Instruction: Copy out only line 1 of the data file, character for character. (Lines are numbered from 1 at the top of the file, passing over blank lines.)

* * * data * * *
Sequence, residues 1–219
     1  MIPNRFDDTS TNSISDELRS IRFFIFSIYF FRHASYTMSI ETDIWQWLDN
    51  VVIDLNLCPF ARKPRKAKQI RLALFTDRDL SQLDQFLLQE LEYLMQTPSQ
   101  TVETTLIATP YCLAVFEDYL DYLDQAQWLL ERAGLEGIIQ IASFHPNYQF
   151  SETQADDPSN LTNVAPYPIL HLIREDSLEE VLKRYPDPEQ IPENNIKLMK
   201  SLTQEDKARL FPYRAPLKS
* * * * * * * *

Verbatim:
Sequence, residues 1–219